This case, Newman v. INS (originally LULAC v. INS) was a companion case to Catholic Social Services v. Reno (IM-CA-11 of this collection). Both cases were filed by attorneys for the Center For Human Rights & Constitutional Law and challenged the INS' interpretation of the Immigration Reform and Control Act of 1986 ("IRCA"), which established a one-time only amnesty program through which aliens could apply for lawful temporary resident status. Catholic Social Services v. Reno was filed in November 1986 in the U.S. District Court for the Eastern District of California and challenged the legality of the "advanced parole" provision of the IRCA. Newman v. INS was subsequently filed in 1987 in the U.S. District Court for the Central District of California. It challenged the INS' "facially valid visa" rule. Under that rule, aliens who briefly departed and returned to the U.S., but presented "facially valid" entry documents, were denied participation in the amnesty program and had their applications for legalization summarily denied. Another related case, Zambrano v. INS [IM-CA-8], was filed in U.S. District Court for the Eastern District of California in 1988 and challenged certain INS regulations which interpreted the IRCA.
Like the Catholic Social Services case, Newman v. INS was litigated for over 20 years and produced a complicated procedural history of appeals to and remands from the Ninth Circuit and Supreme Court. On several occasions, both cases were consolidated for purposes of appeal.
In Newman, the District Court (William D. Keller) initially struck down the "facially valid visa" rule and ordered the INS to allow individual class members additional time to refile legalization papers. The INS appealed and the Newman and CSS cases were consolidated and affirmed on appeal. Catholic Social Services, Inc. v. Thornburgh, 956 F.2d 914 (1992) . The case was appealed to the Supreme Court, which vacated the district court judgment and remanded the case as it determined that some of the class members' claims were not ripe. The Court found that some class members had ripe claims, particularly those individuals whose applications had been summarily rejected by an INS legalization assistant due to perceived violations of the challenged travel regulation. (Rejection of the applications outright was known as "front-desking.") Reno v. Catholic Soc. Servs., 509 U.S. 43 (1993).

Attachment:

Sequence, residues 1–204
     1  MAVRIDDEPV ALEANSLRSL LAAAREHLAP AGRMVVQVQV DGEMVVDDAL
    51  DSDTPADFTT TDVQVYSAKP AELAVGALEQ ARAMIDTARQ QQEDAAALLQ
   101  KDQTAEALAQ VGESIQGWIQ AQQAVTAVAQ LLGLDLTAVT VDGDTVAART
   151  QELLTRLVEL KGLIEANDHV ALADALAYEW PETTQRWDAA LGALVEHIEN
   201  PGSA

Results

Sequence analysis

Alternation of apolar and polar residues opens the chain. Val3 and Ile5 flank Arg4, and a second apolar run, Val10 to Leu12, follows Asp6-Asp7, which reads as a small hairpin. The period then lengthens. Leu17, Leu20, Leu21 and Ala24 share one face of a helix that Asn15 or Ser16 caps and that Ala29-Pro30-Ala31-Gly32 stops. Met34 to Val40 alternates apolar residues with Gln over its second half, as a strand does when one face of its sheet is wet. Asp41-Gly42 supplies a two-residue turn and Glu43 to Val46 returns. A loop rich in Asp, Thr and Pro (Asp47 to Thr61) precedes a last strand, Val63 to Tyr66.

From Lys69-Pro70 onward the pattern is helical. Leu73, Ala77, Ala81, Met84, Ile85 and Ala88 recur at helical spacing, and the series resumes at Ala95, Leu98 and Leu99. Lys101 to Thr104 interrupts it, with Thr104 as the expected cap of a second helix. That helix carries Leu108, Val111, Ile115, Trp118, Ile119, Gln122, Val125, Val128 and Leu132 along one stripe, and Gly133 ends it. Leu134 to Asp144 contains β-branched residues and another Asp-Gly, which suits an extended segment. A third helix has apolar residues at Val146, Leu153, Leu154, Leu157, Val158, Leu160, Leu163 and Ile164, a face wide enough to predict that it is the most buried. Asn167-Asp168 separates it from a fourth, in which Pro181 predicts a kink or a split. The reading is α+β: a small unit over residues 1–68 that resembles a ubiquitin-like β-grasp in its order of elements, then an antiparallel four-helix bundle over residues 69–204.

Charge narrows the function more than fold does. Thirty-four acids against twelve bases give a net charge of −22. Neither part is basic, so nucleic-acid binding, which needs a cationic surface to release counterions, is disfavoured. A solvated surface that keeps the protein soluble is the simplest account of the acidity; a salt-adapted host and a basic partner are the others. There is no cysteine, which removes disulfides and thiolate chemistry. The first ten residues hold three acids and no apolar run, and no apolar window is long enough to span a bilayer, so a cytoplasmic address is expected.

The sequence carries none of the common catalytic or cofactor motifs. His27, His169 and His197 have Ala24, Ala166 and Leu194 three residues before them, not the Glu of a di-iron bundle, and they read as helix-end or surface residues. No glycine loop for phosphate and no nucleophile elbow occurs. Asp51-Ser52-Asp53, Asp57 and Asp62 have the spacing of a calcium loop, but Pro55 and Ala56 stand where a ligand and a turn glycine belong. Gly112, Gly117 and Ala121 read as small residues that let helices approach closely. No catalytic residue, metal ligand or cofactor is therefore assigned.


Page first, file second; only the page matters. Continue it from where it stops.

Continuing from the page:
After the case was remanded to the District Court, Congress amended the immigration laws by enacting the Illegal Immigration Reform and Immigrant Responsibility Act of 1996. A provision of that Act sought to limit court review of legalization claims. The INS maintained that the Act deprived the courts of jurisdiction in the Newman and Catholic Social Services cases. The Ninth Circuit held that the District Court had no jurisdiction in the Catholic Social Services case, Catholic Social Services v. Reno, 134 F.3d 921 (9th Cir. 1998), but declined to dismiss the Newman case, Newman v. INS, 141 F.3d 1178. (9th Cir. 1998).
On July 2, 1999, the District Court (Judge Keller) issued a permanent injunction in the Newman case which required the INS to accept and process legalization applications from "front-desked" class members. Judge Keller, however, dismissed the claims of the "constructively front-desked" applicants. Both parties appealed. In 2002, the Ninth Circuit affirmed the District Court's injunction, but reversed and remanded the case to the extent that the Court had dismissed the claims of the "constructively front-desked" applicants. Newman v. INS, 33 Fed.Appx. 328(9th Cir. 2001).
Settlement discussions soon followed and an agreement was reached in late 2003 in the both the Newman and Catholic Social Services cases. On February 18, 2004, District Judge Keller approved the Newman settlement, which allowed class members to apply for permanent resident status under the amnesty program beginning about March 2004. For the full settlement terms, see the Court's Order Approving Settlement of Class Action, which is part of the document collection for this case. Defendants agreed to pay Plaintiffs $1,900,000 in full settlement of all claims they had for attorneys' fees and costs.
On April 25, 2007, in accordance with the settlement agreement, Judge dismissed the case and dissolved any injunctive orders and other decisions previously entered.Miles Chan - 08/05/2007